Alice Waters opened Chez Panisse, the US’ first farm-to-table eatery, in Berkeley, California, in 1971. More than 50 years later, the well-known chef, author, and supporter of slow food is still at the frontline of innovation, and her influence is felt all over the world.

Waters wanted to offer customers good food and the atmosphere of a small restaurant, in contrast to the then-expanding industrialized and fast-food alternatives in the US. “We were encouraged by the spirit of the time. It was sort of after the Free Speech Movement, Civil Rights. And, you know, we had a lot of power over stopping the war in Vietnam. No one was interested in making money,” she said. Chez Panisse has continued to operate today with a daily menu that only uses fresh, local, seasonal, and organic ingredients, despite any early lack of profitability. She thinks that the answer goes beyond simply eating more sustainably; instead, we need to encourage “regenerative” farming methods, increase biodiversity, and improve local ecosystems.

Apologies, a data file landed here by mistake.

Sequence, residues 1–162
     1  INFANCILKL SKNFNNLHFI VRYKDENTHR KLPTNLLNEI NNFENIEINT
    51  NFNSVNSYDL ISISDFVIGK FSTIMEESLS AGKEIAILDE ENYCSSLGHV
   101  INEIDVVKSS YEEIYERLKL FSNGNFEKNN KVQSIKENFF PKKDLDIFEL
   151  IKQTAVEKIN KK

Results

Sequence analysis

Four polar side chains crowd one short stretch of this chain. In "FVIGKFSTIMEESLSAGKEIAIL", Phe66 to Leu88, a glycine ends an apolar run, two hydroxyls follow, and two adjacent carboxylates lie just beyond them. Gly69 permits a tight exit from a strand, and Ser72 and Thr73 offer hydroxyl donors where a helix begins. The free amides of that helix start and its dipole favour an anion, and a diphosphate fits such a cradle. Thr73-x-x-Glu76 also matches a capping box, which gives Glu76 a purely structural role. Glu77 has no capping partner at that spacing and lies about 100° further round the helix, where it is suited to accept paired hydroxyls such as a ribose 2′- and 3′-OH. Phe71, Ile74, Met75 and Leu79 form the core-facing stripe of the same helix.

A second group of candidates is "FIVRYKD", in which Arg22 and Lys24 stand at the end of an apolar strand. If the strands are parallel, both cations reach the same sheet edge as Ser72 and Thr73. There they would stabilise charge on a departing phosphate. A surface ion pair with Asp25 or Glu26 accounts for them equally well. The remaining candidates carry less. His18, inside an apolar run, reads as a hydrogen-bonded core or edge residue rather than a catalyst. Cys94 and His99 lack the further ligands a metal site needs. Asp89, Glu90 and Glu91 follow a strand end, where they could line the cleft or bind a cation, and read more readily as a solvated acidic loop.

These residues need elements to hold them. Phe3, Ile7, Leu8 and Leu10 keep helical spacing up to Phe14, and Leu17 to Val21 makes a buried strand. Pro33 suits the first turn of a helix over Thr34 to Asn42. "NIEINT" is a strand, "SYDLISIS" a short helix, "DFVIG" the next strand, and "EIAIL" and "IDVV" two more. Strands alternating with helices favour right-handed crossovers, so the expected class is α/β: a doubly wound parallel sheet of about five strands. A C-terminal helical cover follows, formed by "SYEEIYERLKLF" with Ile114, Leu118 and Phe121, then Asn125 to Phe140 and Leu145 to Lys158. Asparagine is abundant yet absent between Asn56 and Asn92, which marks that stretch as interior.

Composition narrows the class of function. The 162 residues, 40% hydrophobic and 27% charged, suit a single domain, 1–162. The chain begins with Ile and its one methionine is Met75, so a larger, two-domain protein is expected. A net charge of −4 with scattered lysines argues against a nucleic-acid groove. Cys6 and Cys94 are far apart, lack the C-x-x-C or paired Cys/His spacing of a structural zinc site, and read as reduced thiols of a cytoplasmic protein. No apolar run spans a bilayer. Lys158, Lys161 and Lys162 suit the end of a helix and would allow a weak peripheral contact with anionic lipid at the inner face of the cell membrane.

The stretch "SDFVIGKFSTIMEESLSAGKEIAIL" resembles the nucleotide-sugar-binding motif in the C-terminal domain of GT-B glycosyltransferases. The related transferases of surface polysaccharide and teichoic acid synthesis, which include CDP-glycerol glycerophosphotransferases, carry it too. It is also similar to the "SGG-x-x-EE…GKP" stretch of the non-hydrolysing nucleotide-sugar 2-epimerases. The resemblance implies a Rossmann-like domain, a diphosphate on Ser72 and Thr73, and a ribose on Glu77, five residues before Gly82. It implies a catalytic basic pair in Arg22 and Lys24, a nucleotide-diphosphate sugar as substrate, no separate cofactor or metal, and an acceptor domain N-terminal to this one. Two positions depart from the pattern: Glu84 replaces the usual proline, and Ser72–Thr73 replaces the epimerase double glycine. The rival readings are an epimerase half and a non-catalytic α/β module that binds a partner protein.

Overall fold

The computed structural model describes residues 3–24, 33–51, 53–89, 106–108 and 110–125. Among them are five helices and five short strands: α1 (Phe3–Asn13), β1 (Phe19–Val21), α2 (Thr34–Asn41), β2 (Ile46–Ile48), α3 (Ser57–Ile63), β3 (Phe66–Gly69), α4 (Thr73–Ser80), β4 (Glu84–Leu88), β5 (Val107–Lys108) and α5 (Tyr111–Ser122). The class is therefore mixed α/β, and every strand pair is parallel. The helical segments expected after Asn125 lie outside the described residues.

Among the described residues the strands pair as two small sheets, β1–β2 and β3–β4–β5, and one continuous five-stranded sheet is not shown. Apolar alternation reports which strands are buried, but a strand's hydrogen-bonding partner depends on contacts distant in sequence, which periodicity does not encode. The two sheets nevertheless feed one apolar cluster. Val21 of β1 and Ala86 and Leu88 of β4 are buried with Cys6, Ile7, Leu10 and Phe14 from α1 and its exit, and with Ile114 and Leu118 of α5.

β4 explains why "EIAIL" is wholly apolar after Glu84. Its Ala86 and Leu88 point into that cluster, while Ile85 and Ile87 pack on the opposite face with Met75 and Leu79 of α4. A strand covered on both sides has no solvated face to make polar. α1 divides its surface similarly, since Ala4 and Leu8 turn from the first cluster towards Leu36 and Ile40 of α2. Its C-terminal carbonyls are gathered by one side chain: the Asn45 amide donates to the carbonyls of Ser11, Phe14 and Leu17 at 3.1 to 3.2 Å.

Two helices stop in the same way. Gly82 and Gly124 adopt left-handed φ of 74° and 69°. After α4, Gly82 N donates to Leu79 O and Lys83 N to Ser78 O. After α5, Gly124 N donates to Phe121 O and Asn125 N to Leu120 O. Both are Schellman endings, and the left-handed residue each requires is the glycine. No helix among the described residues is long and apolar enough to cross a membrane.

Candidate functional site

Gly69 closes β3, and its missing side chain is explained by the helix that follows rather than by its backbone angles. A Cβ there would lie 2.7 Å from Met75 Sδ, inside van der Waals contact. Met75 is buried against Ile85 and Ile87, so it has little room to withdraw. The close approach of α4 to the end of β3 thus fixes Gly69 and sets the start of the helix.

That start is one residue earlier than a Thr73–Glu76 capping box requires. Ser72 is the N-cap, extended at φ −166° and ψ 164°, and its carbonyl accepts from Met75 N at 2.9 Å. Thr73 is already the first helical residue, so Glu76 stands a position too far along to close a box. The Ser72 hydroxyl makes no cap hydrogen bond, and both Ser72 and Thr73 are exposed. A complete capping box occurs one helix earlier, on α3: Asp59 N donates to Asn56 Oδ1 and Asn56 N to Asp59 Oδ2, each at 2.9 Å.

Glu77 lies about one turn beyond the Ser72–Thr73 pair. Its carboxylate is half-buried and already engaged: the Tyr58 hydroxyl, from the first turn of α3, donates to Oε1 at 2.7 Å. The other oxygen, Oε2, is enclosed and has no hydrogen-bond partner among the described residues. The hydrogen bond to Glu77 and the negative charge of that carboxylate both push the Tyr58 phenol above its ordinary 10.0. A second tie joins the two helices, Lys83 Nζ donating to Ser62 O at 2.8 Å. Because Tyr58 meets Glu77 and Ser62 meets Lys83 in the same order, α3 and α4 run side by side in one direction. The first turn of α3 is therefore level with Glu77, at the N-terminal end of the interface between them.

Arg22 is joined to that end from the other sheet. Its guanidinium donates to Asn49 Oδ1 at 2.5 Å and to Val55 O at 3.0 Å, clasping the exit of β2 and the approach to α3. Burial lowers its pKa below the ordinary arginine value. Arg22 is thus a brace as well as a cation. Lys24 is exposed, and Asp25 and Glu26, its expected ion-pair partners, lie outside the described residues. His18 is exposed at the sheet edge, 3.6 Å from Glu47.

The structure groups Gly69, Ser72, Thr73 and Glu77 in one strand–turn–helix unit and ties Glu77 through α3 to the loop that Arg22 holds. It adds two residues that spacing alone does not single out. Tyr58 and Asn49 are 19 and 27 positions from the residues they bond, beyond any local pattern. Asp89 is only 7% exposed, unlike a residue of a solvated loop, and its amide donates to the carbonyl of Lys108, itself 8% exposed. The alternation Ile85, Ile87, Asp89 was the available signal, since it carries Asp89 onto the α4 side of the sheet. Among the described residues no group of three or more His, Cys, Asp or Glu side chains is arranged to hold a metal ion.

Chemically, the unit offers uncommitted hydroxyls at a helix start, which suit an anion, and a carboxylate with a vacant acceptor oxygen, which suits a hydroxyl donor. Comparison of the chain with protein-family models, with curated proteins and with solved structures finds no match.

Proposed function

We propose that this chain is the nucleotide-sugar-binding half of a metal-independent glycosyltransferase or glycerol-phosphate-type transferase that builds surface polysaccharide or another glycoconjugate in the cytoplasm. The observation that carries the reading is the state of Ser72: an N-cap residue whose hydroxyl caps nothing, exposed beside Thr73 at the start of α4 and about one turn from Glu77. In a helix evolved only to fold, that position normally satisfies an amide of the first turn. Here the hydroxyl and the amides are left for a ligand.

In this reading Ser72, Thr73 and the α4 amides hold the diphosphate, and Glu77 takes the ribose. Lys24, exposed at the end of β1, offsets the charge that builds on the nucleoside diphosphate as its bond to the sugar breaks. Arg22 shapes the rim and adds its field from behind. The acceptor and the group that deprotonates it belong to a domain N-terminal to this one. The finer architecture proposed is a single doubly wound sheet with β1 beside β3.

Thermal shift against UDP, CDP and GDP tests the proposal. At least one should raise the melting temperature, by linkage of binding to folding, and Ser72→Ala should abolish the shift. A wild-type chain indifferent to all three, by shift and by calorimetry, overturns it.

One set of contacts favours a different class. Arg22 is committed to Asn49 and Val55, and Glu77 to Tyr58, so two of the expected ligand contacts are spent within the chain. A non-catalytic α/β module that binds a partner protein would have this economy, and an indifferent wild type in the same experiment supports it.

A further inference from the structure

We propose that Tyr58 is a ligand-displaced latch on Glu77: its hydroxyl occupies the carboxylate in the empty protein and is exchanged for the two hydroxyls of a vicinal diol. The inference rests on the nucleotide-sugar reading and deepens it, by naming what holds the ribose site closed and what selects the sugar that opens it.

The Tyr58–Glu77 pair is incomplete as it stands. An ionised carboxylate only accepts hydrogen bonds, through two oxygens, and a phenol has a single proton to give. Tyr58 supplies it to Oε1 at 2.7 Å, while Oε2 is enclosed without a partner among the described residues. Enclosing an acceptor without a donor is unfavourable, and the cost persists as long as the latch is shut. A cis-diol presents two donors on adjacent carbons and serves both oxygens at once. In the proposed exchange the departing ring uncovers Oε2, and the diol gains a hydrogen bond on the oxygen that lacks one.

Although 50 years have passed, Waters’ motivation to use food’s ability to raise our standard of living remains strong. She is focusing on this delicious revolution.